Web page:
This is the 2017 Mercedes-AMG GT C Roadster. The big question: Has lopping the roof off AMG’s GT halo car robbed it of its monster performance credentials and visceral pleasures? Curt heads to Arizona to find out.
Forget preconceptions about soft-top options for those who style hair. If you’re shopping for maximum sensor assault with the tri-star badge on the grille, nothing quite tops the 2017 Mercedes-AMG GT C Roadster, the rag-topped twin to Affalterbach’s shiniest halo car, the GT R coupe.
But wait, there’s more… if perhaps slightly less. AMG has also released a ‘regular’ 2017 Mercedes-AMG GT Roadster, no ‘C’ attached, lining up with the entry GT coupe, bolstering the flagship super sportcar range to five variants, if you factor in the mid-spec GT S hardtop. Softer, then, if promising a harder experience at a slightly more budget-friendly tier.
Both the GT and GT C Roadsters are due in Oz around September this year, and while Mercedes-Benz Australia won’t divulge the final local pricing, a fairly clear crystal ball puts the entry GT a little under $300k while the GT C will likely land around the $350k mark.
But as an introduction to the open-topped delights on offer, we got to blast the pair’s sensory excesses under the blue skies and on scorched earth of the highways and byways in Arizona, Yoo-Ess-Aye.
That the Roadster pair pillage the parallel parts bins of their respective coupes isn’t any great surprise, though there is one crucial reason as to why the king of Benz soft-tops is a ‘C’ and not an ‘R’ designation.
The now familiar 4.0-litre biturbo V8 heartbeat of choice used throughout a number of high-line AMG models gets a 410kW tune in the GT C. That’s 60kW beyond the 350kW GT trim and some 35kW higher than the 375kW GT S, if 20kW short on the humongous 430 figure wrenched from the mighty GT R coupe.
So while the GT C Roadster is well off the leash, it’s not completely so. And perhaps for the sake of that industry buzz phrase ‘model positioning,’ in an effort to maintain the GT R’s status as king of AMG’s lofty performance heap.
Academic differences? While the GT and GT C engines, with their direct fuel injection and ‘hot inside vee’ turbocharger arrangement, are largely identical, the GT produces 350kW at 6000rpm, while the GT C’s 410kW clocks on lower at 5750rpm and holds course until a much higher 6750rpm.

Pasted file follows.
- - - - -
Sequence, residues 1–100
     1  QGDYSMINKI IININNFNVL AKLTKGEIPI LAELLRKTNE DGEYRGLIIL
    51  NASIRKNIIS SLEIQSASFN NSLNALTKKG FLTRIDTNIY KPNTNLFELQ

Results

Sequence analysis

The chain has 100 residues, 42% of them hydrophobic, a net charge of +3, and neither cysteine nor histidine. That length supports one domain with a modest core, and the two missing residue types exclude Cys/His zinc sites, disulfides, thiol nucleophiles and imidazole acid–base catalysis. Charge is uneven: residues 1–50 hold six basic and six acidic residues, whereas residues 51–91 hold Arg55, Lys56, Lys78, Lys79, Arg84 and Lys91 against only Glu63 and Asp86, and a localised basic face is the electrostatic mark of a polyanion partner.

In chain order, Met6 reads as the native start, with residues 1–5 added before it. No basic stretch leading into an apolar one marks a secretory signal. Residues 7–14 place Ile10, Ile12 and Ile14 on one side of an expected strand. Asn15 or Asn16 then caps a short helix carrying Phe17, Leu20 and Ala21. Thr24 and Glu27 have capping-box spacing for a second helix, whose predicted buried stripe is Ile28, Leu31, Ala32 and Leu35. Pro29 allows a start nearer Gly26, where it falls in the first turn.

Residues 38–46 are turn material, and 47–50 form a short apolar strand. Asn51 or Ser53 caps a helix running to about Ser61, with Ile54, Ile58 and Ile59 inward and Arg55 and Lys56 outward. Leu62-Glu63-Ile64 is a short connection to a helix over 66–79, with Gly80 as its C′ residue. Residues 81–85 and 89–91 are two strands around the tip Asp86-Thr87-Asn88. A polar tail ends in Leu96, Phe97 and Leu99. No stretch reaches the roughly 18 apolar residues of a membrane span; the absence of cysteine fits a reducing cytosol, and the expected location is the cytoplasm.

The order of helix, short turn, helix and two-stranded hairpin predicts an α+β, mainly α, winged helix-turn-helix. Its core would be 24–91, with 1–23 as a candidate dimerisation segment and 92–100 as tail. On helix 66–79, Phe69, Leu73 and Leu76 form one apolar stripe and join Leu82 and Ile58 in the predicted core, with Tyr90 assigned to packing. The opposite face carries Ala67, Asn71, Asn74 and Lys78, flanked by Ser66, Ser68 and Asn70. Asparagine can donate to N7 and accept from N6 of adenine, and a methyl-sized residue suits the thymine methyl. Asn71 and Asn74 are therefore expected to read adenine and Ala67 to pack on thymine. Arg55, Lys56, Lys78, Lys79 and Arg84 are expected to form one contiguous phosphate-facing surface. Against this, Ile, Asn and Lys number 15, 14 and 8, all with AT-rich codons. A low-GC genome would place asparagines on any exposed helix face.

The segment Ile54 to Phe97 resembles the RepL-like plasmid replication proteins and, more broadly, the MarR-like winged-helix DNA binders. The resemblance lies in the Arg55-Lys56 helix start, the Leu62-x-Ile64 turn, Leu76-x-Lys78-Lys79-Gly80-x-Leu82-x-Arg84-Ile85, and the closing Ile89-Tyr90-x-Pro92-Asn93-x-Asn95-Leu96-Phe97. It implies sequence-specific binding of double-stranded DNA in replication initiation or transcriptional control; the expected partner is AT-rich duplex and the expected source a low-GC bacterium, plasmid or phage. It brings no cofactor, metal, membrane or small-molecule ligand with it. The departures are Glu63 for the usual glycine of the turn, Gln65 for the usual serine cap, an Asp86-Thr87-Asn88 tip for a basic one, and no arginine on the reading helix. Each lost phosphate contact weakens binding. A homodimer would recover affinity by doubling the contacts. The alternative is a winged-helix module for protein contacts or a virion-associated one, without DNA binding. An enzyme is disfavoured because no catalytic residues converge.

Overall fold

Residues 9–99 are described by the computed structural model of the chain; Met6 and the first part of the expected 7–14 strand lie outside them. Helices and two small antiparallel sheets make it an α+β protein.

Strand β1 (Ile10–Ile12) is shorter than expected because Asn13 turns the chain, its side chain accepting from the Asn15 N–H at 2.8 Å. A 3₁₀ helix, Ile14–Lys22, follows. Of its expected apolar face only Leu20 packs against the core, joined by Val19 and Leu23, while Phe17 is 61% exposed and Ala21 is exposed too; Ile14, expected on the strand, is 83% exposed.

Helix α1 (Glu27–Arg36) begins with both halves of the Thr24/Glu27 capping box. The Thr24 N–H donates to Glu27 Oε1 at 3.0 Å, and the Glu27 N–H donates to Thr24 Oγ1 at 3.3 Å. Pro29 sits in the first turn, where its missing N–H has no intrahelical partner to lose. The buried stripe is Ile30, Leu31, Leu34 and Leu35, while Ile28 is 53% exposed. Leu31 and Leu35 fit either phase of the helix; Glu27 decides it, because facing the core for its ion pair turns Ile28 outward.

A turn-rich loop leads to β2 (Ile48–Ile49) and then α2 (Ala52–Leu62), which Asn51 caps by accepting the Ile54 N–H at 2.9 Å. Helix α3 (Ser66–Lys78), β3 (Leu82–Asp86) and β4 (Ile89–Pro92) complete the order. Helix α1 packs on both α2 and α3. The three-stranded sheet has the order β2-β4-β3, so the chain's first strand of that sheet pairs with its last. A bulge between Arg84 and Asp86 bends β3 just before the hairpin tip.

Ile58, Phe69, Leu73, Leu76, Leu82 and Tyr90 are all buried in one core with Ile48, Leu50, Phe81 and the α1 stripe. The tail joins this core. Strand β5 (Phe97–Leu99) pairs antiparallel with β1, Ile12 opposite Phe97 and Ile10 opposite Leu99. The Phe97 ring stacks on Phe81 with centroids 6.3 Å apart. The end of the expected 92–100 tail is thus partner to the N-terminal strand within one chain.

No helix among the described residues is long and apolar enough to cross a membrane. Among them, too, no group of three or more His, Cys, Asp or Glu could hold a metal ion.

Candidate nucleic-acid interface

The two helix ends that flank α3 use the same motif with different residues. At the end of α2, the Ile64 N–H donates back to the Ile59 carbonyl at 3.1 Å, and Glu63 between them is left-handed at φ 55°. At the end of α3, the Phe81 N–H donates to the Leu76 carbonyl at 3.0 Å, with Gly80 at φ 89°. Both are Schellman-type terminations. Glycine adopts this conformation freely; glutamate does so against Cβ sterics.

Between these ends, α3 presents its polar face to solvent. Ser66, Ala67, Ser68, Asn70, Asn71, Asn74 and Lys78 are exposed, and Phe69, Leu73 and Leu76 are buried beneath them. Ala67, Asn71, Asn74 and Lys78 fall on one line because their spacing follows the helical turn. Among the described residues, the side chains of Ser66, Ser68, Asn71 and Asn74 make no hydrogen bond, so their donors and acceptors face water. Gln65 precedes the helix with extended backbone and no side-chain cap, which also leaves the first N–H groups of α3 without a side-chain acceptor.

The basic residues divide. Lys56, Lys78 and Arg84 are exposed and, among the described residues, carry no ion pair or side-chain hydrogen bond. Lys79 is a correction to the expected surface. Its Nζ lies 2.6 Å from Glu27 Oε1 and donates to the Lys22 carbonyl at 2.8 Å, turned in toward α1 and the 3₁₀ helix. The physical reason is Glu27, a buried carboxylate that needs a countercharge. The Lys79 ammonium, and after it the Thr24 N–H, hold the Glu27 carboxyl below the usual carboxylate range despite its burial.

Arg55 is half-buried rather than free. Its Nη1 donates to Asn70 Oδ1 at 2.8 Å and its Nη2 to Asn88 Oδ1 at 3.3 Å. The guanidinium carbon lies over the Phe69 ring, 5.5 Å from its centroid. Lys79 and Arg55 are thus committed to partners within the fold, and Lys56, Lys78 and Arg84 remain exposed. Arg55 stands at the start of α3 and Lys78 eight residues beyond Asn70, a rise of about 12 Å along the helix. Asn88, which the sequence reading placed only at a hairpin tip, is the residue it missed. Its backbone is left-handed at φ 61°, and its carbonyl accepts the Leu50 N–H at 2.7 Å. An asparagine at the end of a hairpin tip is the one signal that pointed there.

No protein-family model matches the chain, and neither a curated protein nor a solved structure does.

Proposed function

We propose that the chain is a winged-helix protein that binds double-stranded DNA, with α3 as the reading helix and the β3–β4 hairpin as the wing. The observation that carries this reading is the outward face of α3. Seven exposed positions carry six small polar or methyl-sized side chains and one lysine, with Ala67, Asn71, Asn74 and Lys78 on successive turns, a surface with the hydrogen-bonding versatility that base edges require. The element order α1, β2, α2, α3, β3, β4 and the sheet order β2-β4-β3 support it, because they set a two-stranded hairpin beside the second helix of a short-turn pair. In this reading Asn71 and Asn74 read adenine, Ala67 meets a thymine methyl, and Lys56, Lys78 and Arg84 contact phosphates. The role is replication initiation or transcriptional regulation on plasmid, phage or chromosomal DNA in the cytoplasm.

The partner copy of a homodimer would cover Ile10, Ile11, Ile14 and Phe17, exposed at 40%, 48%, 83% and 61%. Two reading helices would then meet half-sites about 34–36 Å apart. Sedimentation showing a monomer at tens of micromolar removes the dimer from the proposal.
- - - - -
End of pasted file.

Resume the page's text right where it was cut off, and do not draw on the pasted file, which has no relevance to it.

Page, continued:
The GT C not only has a larger 680Nm torque swing than the 630Nm GT, with a 1900-5750rpm spread it’s a little broader and higher in the rpm range than the base Roadster’s 1700-5000rpm. Result? The GT C takes the GT’s 4.0sec 0-100km/h time a lobs a hefty 0.3sec off, which is quite some margin this low in the stopwatch stakes, arguably a fair trade for a slight penalty in thirst (a combined cycle 11.4L versus 9.4L per 100 kilometres claimed).
There’s more to that 0.3sec advantage than merely extra outputs. The ‘C’ spec seven-speed dual-clutch transmission gets a taller first and shorter seventh and final drive ratios than the GT’s transmission. Meanwhile, up-shifts are quicker in its exclusive Race mode, an electronically controlled (mechanical) LSD is fitted in lieu of the GT’s passive mechanical unit, there’s wider rear rubber (305mm against 295mm) and active rear axle steering is said to improve high-speed stability through to 316km/h, where the GT is capped at a mere 302.
Other differences? The GT C gets staggered wheel diameters (19s up front, 20s in rear) and also broader front rubber (265mm v 255mm), together with a wider rear wheel track and larger rear bodywork to make it all fit. Result? The GT C shares the same body width as the GT R coupe, some added 57mm in the hips compared with the slimmer GT. Brakes, too, are larger: 390mm front rotors compared with 360mm on lesser variants, though rears are a common 360mm on both rag-tops.